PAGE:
Sunanda and Uppunda V. Bhat
Plainsboro, New Jersey
First I must say that your magazine is absolutely beautiful. The amount of information in its pages is surprising. I would like to suggest including more for those interested in Hinduism. I recently started studying Hinduism and find poor resources for anything other than basic Hindu beliefs. I wish to know about why and how holidays are celebrated. Which holidays are celebrated in which areas? What courses are good to learn how to say the mantras? I realize this is asking a lot, but I do not expect all these things would be covered at once. Clues as to where to start and research would be very helpful.
Michelle A. Acquaire
As a regular Temple goer, I feel sad and disgusted to see all sorts of dress other than the dhoti. If a Chinese man can get used to wearing a dhoti (Letters, Nov. '98) Hindu men have no excuses. Another sore spot for me was the recent Deepavali celebration which here was a day for feasting on meat and liquor. In Malaysia Deepavali has become a holiday instead of a holy day.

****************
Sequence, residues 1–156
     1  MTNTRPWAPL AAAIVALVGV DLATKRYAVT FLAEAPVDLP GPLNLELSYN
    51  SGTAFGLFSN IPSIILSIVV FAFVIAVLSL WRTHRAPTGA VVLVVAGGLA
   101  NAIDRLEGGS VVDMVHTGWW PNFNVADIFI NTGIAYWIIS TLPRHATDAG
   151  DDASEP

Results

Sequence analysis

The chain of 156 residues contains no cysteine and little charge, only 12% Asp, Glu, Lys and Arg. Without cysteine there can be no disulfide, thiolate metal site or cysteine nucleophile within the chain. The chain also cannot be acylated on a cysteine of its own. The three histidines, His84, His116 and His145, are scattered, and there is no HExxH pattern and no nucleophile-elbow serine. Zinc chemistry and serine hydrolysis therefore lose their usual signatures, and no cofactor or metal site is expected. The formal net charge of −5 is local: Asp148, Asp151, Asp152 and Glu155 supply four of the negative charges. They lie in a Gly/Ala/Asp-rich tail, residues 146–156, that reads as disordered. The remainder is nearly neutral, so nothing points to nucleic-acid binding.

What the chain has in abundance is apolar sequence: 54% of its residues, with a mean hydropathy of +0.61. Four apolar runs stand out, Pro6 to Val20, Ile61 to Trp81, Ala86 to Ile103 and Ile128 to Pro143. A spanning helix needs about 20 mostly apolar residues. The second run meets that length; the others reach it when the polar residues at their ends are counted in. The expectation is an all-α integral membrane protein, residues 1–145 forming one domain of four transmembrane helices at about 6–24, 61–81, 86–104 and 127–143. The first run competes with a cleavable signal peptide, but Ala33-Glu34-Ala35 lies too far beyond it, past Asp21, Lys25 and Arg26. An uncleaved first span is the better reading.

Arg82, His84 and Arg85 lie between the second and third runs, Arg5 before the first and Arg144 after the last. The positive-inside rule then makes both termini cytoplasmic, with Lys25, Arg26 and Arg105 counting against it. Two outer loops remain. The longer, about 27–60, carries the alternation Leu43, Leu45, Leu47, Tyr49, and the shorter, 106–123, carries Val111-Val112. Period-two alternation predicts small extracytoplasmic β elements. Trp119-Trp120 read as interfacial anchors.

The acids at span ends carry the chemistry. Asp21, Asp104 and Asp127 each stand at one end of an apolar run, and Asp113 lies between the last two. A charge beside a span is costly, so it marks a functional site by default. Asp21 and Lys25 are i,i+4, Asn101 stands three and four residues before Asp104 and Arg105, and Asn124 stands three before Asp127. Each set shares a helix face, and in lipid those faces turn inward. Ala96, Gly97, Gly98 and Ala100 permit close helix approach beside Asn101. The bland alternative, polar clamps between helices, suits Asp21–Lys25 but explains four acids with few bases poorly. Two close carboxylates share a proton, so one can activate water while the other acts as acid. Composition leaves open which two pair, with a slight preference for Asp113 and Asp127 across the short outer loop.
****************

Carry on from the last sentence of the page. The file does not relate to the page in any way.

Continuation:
I would like to draw your readers' attention to an old article in India Today, March 30, 1998, entitled "Change of Faith," reporting on 12 Christian missionaries who used unlawful means to spread hatred and violence while converting tribals in the Krishnapur area. Though arrested, no subsequent action was taken and the tribals are left unprotected. Hindus must unite to fight for their rights and protect their culture.
Randolph, NJ, USA